LighterLife diet

What is it?

LighterLife has a number of diet plans including a very low calorie diet (VLCD) where, depending on how much you weigh, you consume between 600 and 1,200 calories a day. An average man needs about 2,500 calories a day and an average woman about 2,000 calories a day. The NHS defines a VLCD as containing 1,000 or fewer calories a day.

In the LighterLife VLCD meals are replaced with shakes, soups and bars and the diet is aimed at people who have 3 stone (19 kg) or more to lose.

There are weekly counselling sessions in small, same-sex groups to help you identify why you overeat and to help change your behaviour.

The amount of weight obese people following the diet lose, and the speed with which they lose it, has made the diet controversial and means it frequently makes the news, not always for the reasons the company which runs LighterLife would hope for.

Actress, Pauline Quirke – best known as Sharon in the comedy Birds of a Feather – endorsed LighterLife back in 2011, losing three dress sizes in 2 months on the diet plan. However, not all the weight has stayed off.

But, according to the LighterLife website, Loose Women star, Denise Welch lost 2 stone on the diet and has maintained the weight loss for over 3 years.

What you can eat

It depends on how much you weigh. If you have a lot to lose and have a BMI of 30 or above you will follow the LighterLife Totally Different or Total plan where all your meals are replaced with nutritionally-balanced bars, shakes and soups, and you have no conventional food whatsoever.
Before you can start this diet you’ll need to see your GP.

The NHS recommends a VLCD should be undertaken for no more than 12 continuous weeks. After 12 weeks on LighterLife Total, you increase your calorie intake to more 1,000 calories a day for one week only, before returning to the diet.

Adding milk is one way to do this.

If you are following LighterLife Lite, which is for men or women with a BMI of 25-29.9 with 1 – 3 stone to lose, you have three meal replacements a day, plus one healthy, conventional meal from a list of everyday ingredients.

You can drink black tea or coffee on either diet and you’re encouraged to drink up to two litres of water during the day, or flavoured water with added fibre.
LighterLife also has a fasting diet and a management plan for when you’ve reached your ideal weight.

How it works

You’ll lose weight quickly because the amount of calories you consume will have been cut dramatically. You have also stopped eating in the same way that lead to your weight gain.

The speed of weight loss and the fact people feel re-educated about why they overeat are reasons why people keep to the diet.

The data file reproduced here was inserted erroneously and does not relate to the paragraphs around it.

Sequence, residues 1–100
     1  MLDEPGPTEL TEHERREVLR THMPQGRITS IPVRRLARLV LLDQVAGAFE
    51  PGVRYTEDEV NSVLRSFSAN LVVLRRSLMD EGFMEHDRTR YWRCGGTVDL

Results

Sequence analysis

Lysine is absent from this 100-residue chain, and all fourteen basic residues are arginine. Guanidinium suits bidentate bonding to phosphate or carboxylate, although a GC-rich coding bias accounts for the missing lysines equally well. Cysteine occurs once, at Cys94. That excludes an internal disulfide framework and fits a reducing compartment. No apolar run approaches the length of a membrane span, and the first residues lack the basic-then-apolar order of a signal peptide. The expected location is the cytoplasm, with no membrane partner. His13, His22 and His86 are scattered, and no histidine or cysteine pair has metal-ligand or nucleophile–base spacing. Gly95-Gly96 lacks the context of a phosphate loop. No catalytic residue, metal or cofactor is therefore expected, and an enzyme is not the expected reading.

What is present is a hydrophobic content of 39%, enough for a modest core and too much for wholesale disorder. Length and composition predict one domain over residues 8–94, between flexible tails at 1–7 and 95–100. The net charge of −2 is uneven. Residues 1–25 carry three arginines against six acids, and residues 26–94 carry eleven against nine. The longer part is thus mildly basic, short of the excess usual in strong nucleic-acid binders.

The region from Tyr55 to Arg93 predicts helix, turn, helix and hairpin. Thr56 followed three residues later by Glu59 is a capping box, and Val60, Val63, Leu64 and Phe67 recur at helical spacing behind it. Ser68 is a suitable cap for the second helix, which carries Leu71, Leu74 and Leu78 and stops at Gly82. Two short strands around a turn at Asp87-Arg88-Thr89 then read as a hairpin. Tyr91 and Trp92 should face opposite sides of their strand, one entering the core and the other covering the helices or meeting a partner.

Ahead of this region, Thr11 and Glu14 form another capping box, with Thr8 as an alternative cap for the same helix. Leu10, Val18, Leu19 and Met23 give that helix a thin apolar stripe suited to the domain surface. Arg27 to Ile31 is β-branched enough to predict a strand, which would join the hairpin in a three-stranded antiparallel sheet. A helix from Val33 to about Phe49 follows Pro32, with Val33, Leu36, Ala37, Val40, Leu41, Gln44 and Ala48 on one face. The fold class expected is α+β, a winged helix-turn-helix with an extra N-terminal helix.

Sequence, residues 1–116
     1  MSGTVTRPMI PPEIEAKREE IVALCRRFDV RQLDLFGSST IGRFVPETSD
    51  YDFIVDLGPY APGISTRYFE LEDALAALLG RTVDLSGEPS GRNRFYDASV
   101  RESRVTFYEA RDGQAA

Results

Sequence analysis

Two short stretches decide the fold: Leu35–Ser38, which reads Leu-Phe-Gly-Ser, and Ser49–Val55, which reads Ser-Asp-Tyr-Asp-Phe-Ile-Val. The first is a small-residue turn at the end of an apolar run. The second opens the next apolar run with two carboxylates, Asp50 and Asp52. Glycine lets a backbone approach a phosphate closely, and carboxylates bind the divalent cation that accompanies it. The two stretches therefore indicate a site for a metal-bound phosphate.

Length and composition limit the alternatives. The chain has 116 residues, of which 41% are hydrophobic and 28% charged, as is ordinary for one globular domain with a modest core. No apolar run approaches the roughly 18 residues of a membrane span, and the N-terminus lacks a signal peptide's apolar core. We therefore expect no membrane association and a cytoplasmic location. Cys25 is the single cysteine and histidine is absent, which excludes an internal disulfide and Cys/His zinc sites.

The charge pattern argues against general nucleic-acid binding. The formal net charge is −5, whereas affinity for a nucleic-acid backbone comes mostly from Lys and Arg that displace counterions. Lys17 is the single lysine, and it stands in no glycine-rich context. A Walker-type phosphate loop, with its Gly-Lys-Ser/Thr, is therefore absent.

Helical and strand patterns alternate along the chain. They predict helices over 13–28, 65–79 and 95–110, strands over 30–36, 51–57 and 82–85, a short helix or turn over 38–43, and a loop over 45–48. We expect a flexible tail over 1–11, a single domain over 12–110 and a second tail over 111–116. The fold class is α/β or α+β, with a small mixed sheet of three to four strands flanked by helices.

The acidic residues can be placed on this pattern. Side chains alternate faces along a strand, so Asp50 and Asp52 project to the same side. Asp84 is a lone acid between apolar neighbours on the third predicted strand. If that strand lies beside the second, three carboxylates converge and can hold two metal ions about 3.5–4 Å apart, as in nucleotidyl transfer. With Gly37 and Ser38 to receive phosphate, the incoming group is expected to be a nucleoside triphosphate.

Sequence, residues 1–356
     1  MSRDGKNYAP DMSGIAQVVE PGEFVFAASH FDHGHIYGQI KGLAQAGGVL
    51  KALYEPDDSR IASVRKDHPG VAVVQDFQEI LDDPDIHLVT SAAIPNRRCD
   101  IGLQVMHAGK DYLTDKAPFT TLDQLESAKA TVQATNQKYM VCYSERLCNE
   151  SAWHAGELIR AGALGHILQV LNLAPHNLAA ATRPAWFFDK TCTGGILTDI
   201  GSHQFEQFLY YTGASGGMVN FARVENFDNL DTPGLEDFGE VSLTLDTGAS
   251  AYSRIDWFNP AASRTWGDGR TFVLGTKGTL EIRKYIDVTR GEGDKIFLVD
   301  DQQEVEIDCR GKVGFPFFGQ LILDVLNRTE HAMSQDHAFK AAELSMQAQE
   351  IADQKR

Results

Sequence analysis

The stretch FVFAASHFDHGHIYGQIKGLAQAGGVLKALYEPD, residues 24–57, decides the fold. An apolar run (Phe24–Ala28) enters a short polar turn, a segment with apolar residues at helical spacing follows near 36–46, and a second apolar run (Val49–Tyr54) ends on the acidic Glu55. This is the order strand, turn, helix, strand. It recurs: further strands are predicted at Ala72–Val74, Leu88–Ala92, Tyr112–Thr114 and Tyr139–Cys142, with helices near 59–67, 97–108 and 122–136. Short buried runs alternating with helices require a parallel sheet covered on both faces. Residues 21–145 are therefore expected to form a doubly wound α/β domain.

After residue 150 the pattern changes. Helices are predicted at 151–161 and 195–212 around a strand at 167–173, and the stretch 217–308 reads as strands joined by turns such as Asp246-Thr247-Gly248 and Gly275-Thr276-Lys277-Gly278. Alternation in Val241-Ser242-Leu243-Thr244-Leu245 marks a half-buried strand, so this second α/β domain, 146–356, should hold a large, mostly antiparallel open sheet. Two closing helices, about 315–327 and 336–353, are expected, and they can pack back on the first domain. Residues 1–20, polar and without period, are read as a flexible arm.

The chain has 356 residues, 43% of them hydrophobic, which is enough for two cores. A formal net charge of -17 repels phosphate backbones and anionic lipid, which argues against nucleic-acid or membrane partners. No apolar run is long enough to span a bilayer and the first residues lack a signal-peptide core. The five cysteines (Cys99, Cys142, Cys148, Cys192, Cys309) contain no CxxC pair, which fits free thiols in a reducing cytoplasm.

Once you’ve reached your agreed healthy weight there’s a 12 week programme which slowly re-introduces food, starting with proteins and then progressing to vegetables and carbohydrates.

What the experts say

The NHS says in a few cases following a full VLCD style diet, substituting normal diet for meal replacements, could be a suitable choice for someone needing to lose weight. However, it cautions these diets should only be followed for a limited time and you should talk with your GP before you start.
It says cutting calories significantly can cause health problems such as gallstonesand heart problems.

Sian Porter, consultant dietician with the British Dietetic Association (BDA) says: “I personally wouldn’t recommend [VLCDs] but they work for some people.”

She says you have to make sure you follow them to the letter and cautions that: “If you’re replacing meals with drinks and bars and stuff like that you are not re-training yourself to live with real food.”

For some people, removing the distraction of ordinary food is the key to success on a VLCD. VLCD diets should be followed exactly as recommended by the company, which includes drinking plenty of fluids, and ensuring your GP or your diet counsellor checks your blood pressure and pulse regularly.

Sian also says the diet may be socially isolating because you can’t go out to eat with your friends or sit down to a meal with your family.

Food for thought

During the first few days on the diet it’s possible you’ll experience caffeine withdrawal symptoms, such as a headache or dizziness. After a few weeks a small number of people may experience excessive hair shedding while on the diet. Others may have bad breath.

Sian Porter says the LighterLife weight loss counsellors are not necessarily health professionals and says the important thing while on the diet is to learn how to cope with food when you’ve stopped following the diet. Otherwise there is a danger of putting the weight back on.

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